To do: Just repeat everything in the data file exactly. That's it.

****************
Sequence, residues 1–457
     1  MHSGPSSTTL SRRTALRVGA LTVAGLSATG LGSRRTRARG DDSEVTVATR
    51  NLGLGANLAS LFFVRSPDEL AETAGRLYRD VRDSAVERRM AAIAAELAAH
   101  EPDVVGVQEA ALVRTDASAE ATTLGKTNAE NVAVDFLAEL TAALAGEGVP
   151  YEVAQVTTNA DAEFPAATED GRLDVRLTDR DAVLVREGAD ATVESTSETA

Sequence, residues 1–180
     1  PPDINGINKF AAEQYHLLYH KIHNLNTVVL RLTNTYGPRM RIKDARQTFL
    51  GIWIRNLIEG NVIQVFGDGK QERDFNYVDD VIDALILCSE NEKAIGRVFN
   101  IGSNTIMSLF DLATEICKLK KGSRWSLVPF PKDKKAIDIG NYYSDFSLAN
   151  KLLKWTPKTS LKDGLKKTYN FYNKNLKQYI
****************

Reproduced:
Sequence, residues 1–457
     1  MHSGPSSTTL SRRTALRVGA LTVAGLSATG LGSRRTRARG DDSEVTVATR
    51  NLGLGANLAS LFFVRSPDEL AETAGRLYRD VRDSAVERRM AAIAAELAAH
   101  EPDVVGVQEA ALVRTDASAE ATTLGKTNAE NVAVDFLAEL TAALAGEGVP
   151  YEVAQVTTNA DAEFPAATED GRLDVRLTDR DAVLVREGAD ATVESTSETA

Sequence, residues 1–180
     1  PPDINGINKF AAEQYHLLYH KIHNLNTVVL RLTNTYGPRM RIKDARQTFL
    51  GIWIRNLIEG NVIQVFGDGK QERDFNYVDD VIDALILCSE NEKAIGRVFN
   101  IGSNTIMSLF DLATEICKLK KGSRWSLVPF PKDKKAIDIG NYYSDFSLAN
   151  KLLKWTPKTS LKDGLKKTYN FYNKNLKQYI